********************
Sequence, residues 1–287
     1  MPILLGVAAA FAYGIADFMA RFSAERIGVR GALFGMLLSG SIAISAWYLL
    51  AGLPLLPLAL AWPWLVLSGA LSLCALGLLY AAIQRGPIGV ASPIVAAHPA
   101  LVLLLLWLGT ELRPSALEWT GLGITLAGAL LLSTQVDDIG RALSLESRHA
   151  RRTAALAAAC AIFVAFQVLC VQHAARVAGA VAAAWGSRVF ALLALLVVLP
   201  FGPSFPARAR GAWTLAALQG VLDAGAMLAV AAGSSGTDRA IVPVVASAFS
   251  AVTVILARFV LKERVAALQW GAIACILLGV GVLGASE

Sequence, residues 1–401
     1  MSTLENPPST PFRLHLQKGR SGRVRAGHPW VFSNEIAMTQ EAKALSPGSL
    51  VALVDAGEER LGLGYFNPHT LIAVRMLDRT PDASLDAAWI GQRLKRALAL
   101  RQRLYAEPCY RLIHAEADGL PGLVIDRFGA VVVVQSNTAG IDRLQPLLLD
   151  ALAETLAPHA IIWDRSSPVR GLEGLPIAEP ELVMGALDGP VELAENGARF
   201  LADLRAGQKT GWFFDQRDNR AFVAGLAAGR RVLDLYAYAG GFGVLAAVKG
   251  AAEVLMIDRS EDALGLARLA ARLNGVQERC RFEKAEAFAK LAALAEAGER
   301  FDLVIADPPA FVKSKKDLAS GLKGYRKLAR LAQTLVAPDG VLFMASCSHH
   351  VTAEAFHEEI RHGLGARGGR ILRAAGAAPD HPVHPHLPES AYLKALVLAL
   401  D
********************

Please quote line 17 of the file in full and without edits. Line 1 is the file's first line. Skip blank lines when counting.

   401  D